All tennis and sporting greats have an abundance of self-confidence. To achieve, the player must have an ability to believe they can win and that they can be successful in their efforts.
Consultants at the United States Tennis Association report that self-confidence is one of the most important attributes an athlete can possess and should be fostered by both athletes and their coaches.
Self-confidence is developed within the players own mind and is not something they can receive from others. Positive encouragement and feedback from coaches or supporters isn’t enough unless the player identifies with success. The player must take ownership of their confidence and not allow outside influences or circumstances to interfere with their self-image…even when they’re having a bad day!
Tennis requires leadership and self-reliance, as no one can help you when you are out in the battlefield of the tennis court. Personal responsibility is something that can be nurtured from a young age with juniors having to organise their own kit, hitting sessions with others, stretching, food choices and much more. With the player’s I have worked with, those who understand what the above means to being a better tennis player, have improved their game further than others in the same time period.
Influences and environment
To be a great player, you must surround yourself in a great environment. Self-confidence originates within the player, but positive role models and supporters will continue to reinforce positive internal self-talk. There are many places that players can look for inspiration and positive influence, for example, current or retired athletes, spiritual advisers, coaches and training partners.
I believe that environmental influences can make or break a player as every successful sports person can’t do it alone. The trust and bonds the players establish with people in their development stages give the player stability. The safety that provides the player, knowing they have people they can rely on will provide a positive platform and emotional safety net.
Struggles and set backs
Sport is like life…nothing goes 100% to plan! With jubilation, there will be turmoil but self-confidence isn’t reliant on a player feeling great all the time. There is not one athlete that hasn’t experienced negativity and self-doubt. Through adversity comes success as players will work through the tough times believing that they will come good again.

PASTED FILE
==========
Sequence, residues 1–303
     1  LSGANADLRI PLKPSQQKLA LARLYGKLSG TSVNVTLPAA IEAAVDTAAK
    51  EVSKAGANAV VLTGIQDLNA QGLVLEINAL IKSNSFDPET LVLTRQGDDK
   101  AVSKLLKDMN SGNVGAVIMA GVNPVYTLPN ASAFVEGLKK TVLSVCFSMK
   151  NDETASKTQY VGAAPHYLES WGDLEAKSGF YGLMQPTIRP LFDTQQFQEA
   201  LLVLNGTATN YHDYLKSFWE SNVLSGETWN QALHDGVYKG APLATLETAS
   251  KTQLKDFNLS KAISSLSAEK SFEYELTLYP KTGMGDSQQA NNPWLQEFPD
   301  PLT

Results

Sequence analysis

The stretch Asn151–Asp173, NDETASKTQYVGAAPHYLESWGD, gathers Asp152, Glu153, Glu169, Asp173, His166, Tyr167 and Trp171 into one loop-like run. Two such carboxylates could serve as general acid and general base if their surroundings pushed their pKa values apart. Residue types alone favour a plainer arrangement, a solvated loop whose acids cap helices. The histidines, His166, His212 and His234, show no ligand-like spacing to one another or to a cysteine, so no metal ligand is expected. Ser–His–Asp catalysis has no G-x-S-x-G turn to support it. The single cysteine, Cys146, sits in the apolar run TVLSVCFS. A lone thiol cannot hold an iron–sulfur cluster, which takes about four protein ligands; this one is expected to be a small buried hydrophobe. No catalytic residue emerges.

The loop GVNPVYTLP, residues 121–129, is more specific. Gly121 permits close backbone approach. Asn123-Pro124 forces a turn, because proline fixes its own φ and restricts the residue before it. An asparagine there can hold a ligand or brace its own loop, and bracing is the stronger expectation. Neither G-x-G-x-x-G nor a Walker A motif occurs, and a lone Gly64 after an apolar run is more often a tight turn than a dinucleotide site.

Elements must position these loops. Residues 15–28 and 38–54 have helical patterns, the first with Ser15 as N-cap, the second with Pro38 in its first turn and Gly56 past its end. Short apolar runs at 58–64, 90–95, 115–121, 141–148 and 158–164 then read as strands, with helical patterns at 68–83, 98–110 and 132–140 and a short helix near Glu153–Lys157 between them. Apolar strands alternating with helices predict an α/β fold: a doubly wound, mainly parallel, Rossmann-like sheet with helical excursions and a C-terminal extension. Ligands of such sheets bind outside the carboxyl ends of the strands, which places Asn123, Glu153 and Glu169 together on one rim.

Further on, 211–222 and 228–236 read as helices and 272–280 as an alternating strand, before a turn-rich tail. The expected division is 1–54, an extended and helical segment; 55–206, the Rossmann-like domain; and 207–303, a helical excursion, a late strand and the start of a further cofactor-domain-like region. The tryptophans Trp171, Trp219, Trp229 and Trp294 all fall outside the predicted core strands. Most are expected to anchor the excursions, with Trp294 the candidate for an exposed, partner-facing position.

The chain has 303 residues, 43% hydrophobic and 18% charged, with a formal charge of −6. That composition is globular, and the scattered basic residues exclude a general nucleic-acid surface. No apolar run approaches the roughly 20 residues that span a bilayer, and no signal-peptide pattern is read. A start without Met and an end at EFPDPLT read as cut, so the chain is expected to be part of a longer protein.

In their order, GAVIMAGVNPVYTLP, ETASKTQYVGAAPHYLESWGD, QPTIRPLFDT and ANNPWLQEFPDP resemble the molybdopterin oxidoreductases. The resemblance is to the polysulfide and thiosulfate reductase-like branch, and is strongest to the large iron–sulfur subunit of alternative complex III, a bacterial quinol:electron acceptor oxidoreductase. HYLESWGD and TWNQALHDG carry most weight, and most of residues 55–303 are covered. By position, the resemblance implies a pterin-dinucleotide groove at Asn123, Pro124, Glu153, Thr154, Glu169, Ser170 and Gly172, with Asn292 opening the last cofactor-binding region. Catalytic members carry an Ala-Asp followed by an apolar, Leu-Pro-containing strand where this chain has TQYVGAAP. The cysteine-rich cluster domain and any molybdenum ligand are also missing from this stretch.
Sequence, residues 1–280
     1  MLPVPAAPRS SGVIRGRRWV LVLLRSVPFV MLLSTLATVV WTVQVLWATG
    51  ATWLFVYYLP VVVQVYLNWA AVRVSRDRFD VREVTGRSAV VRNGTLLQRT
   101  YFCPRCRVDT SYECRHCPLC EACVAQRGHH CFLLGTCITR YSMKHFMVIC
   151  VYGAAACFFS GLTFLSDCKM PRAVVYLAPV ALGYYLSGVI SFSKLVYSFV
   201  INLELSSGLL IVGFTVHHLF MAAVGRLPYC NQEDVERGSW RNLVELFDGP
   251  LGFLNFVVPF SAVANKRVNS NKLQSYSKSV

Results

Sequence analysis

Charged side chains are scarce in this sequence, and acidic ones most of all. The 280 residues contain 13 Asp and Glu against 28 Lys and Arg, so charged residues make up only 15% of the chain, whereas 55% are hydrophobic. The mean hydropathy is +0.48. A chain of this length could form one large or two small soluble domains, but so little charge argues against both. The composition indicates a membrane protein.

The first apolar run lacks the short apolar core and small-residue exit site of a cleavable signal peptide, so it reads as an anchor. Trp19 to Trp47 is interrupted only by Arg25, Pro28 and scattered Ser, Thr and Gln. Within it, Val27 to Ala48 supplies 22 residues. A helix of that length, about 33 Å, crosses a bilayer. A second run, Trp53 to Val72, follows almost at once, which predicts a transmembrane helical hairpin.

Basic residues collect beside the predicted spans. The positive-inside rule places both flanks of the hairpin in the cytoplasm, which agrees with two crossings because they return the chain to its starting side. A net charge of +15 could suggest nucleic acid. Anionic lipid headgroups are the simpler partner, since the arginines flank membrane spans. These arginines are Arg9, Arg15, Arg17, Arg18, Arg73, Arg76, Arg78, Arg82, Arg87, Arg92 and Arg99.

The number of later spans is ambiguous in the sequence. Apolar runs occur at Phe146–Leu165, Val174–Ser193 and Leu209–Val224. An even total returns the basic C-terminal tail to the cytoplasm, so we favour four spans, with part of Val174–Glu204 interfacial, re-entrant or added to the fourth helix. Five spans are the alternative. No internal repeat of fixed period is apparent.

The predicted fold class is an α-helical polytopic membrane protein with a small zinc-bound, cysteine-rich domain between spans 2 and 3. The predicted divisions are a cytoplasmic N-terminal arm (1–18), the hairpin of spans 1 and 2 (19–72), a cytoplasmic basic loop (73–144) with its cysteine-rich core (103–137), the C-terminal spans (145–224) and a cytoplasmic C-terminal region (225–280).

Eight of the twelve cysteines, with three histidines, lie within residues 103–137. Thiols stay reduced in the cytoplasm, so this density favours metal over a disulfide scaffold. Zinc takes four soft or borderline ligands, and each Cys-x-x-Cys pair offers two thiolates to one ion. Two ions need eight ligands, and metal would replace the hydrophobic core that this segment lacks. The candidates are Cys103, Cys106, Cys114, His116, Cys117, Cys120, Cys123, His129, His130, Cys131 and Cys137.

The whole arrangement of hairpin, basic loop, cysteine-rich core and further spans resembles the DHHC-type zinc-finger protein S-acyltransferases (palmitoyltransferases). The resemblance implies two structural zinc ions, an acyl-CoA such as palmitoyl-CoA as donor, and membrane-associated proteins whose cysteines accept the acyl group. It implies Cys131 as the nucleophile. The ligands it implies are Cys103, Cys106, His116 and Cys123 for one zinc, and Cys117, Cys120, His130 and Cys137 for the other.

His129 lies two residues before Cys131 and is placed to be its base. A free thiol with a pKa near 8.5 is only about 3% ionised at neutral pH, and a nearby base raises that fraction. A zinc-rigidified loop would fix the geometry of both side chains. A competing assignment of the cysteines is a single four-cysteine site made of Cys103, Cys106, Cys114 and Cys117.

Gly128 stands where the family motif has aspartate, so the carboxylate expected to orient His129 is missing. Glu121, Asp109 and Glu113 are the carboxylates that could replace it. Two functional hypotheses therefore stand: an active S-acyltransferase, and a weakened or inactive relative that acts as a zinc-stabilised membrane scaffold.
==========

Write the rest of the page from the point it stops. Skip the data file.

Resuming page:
Roger and Rafa are prime examples of this…who would of thought that they would be at the Aussie Open Grand Slam final this year, especially after the 2016 they have both had. Elite players will have confidence in themselves and believe that they can bounce back from anything. This again is another important time for the player to be surrounded by positive influences who will tough out during the hard times with them so the player doesn’t feel isolated.
Managing emotional control and being able to not let external factors influence, are important skills a player must possess, otherwise performance is affected. Resilience and determination to fight back from failure and never giving up are attributes to self-confidence. Confident players don’t allow defeat to make them to feel angry or negative, but instead use the losses to give them motivation to train harder and win the next one.
How and when a player trains are important elements to building self-confidence in a player. The day to day work that is performed is the reality of what they are doing. The more they practice, the better they get. Through practice and real-life improvement that they see, self-confidence will improve as their belief in their performance is grown and extensive training overcomes weaknesses. A player must win and be successful to breed self-confidence as they need to experience what it feels like so they get a taste for future success.
Self-confidence comes from certainty, so the player must be doubt-free. If a player is only confident based on outcome, then this won’t build self-confidence as outcomes won’t always be good or certain. Permanent confidence will come from believing they will achieve. Confidence is based on the player’s self-assessment of their abilities and the task they face.
Because outcomes are not certain, when a junior player gets praise for them, they base their success on it. This is where the cracks will form in their self-confidence as they will perceive themselves negatively if they don’t win. As coaches and parents, we should be praising the things the player can control, e.g. behaviour, hard work, attitude etc. From this, the player will be able to rationalise their performance better so in the future the results will reflect with self-improvement.